Indonesia's economy contracted by 5.32 per cent in the second quarter compared with a year ago - its first negative performance in 21 years.
The contraction was led by two sectors - transportation and logistics, as well as hotel, food and beverages - as overall demand all but disappeared due to the ongoing coronavirus pandemic and partial lockdowns imposed in capital Jakarta and around the country.
South-east Asia's biggest economy expanded by 2.97 per cent year on year in the first quarter.
Indonesia's National Statistics Agency (BPS) announced yesterday that the April-to-June performance was the worst quarter since the first quarter of 1999, when the economy shrank by 6.13 per cent due to lingering effects from the 1997/1998 Asian financial crisis.
The transportation and logistics sector shrank by 31 per cent in the second quarter, compared with the same period a year ago. The hotel, food and beverages sector contracted by 22 per cent, according to BPS.
Indonesia reported its first Covid-19 case in early March and in the following month, cities and provinces started to impose so-called large-scale social distancing measures (PSBB) - equivalent to a partial lockdown.
The PSBB drastically reduced train and bus services, practically banned intercity travel, while restaurants and food outlets severely restricted their businesses.
In June, Jakarta and scores of other regions started to lift part of the restrictions, including allowing restaurants to reopen and use up to half of the seating capacity, and letting workers go to the office on alternate days and work on a staggered schedule, to avoid crowding in lifts.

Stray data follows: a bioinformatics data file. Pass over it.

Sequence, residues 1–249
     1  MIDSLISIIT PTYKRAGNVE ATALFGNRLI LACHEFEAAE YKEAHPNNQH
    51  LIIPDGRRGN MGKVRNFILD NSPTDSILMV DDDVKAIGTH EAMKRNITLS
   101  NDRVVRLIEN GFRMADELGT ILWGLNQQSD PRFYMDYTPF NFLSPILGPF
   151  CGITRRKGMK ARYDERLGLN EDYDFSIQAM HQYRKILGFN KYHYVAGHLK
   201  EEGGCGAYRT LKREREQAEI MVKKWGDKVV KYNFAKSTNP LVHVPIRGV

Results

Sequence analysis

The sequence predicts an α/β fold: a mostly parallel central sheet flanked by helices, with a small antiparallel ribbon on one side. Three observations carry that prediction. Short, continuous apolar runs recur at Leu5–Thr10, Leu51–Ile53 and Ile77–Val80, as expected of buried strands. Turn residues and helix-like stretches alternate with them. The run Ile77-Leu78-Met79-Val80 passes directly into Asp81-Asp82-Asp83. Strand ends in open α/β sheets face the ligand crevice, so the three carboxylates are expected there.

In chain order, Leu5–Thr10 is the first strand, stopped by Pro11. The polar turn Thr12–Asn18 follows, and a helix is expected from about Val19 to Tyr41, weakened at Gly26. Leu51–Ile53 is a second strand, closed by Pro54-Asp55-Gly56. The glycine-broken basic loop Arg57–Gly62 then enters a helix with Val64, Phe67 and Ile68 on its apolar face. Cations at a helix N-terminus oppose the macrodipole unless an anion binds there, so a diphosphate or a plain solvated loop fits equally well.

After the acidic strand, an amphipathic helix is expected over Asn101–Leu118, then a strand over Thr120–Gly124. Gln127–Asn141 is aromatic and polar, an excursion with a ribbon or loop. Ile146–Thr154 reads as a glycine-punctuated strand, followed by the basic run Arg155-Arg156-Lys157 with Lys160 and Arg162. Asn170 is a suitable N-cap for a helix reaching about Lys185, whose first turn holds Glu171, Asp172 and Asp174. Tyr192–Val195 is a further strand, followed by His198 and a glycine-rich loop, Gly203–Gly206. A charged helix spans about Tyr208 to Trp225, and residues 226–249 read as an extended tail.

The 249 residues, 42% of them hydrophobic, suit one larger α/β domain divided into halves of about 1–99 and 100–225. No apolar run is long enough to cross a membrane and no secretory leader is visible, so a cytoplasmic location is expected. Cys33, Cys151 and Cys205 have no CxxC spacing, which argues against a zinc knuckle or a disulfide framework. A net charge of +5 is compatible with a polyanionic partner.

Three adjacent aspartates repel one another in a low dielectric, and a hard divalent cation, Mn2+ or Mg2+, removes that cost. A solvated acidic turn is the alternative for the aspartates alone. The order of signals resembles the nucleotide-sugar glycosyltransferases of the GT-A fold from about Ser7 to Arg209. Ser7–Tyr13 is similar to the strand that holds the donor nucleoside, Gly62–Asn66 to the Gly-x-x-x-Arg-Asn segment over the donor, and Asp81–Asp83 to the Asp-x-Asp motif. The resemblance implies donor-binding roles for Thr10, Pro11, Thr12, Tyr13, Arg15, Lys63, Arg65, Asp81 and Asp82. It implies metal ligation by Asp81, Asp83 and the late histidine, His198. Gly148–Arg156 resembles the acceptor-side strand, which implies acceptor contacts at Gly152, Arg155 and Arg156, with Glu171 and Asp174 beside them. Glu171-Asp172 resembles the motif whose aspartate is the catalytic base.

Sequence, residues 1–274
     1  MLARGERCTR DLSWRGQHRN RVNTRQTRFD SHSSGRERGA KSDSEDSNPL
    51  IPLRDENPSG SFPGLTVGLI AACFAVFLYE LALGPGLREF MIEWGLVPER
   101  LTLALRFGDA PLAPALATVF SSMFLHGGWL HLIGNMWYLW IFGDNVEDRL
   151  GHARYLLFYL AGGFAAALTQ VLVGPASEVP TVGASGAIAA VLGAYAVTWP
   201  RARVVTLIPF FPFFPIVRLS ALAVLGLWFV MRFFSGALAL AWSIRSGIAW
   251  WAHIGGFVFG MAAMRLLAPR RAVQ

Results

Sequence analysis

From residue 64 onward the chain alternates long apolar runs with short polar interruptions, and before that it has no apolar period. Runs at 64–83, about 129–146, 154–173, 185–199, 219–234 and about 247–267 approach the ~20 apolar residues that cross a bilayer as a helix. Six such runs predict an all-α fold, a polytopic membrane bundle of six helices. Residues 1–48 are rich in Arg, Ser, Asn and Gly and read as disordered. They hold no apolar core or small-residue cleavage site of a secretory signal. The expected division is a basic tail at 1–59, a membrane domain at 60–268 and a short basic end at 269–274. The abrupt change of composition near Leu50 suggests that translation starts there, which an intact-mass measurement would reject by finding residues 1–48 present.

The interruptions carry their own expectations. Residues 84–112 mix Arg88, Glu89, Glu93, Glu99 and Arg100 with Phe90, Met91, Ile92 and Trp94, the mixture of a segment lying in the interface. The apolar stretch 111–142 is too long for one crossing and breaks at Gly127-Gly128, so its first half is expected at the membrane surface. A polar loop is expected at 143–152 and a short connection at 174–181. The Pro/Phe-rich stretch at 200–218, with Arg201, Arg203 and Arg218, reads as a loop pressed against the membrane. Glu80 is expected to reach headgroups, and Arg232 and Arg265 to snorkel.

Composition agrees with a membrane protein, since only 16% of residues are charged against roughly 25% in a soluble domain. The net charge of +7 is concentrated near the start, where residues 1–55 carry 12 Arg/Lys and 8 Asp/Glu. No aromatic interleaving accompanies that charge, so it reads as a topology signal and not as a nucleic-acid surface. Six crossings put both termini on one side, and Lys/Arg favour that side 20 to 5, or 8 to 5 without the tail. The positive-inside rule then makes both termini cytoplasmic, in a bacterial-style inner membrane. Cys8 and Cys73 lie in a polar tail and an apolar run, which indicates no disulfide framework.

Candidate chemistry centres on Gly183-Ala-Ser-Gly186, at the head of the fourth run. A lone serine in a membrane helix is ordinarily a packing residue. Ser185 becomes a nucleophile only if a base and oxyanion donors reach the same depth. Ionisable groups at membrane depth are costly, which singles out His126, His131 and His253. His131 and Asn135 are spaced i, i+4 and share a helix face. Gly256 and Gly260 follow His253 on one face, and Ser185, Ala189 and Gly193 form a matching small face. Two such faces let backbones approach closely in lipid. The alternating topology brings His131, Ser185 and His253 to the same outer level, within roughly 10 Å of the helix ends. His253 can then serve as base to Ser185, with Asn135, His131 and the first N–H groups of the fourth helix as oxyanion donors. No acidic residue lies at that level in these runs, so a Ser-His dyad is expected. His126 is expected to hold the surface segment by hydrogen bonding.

Frequently used as a gauge for consumer demand, sales of motorcycles, cars and cement saw significant declines in the second quarter, BPS said.
The shipment of motorcycles from manufacturers to dealerships fell by 80 per cent year on year in the second quarter to 313,625 units.
In the same period, sales of cars fell by 89 per cent to 24,042, and the production of cement dropped by 9 per cent.
Foreign tourist arrivals in the second quarter plunged by 88 per cent to 482,650 during the same period, compared with the April-June period last year.
PICK-UP SEEN IN JULY
We noticed a pick-up in buying power in July, but compared with the year-earlier period it was still way weaker.
MR KECUK SUHARIYANTO, head of Indonesia's National Statistics Agency, hinting that things may be improving in the third quarter.
"We noticed a pick-up in buying power in July, but compared with the year-earlier period it was still way weaker," the head of BPS, Mr Kecuk Suhariyanto, said in a hint that things may be improving in the third quarter.
"Let us hope the second quarter be the only quarter with a negative growth," Mr Kecuk said.
The administration of President Joko Widodo is putting in efforts to avoid a recession, usually indicated by two consecutive quarters of negative growth, by driving more social aid spending such as grants and subsidised loans in the third quarter.
The efforts, however, have been partially hampered by the country's weak database system that could ensure funds would reach eligible recipients quickly.
Indonesian bureaucrats have also been slow to disburse the funds for fear of being wrongly accused of embezzling government funds.